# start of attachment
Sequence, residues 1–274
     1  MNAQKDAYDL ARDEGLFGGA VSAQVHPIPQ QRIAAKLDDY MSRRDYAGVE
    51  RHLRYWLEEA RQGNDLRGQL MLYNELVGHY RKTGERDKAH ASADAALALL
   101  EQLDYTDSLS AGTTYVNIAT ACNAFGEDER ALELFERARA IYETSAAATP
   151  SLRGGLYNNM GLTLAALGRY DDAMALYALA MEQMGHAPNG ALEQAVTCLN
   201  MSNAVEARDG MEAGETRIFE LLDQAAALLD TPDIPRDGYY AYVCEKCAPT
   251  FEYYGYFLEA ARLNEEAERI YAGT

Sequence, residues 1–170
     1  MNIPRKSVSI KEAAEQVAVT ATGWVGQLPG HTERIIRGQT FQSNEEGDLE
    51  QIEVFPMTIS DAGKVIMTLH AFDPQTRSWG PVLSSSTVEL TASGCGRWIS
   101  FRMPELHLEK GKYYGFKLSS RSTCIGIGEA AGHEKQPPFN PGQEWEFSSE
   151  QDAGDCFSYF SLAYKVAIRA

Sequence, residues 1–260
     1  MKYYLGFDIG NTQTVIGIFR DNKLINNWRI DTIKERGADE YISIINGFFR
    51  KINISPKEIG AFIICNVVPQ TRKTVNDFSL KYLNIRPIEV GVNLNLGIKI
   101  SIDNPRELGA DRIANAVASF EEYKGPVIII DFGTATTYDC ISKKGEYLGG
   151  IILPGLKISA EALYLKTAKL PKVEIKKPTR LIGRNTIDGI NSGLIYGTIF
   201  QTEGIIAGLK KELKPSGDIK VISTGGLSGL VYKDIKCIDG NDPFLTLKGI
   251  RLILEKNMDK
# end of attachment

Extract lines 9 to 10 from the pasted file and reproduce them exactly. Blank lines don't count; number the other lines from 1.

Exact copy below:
     1  MNIPRKSVSI KEAAEQVAVT ATGWVGQLPG HTERIIRGQT FQSNEEGDLE
    51  QIEVFPMTIS DAGKVIMTLH AFDPQTRSWG PVLSSSTVEL TASGCGRWIS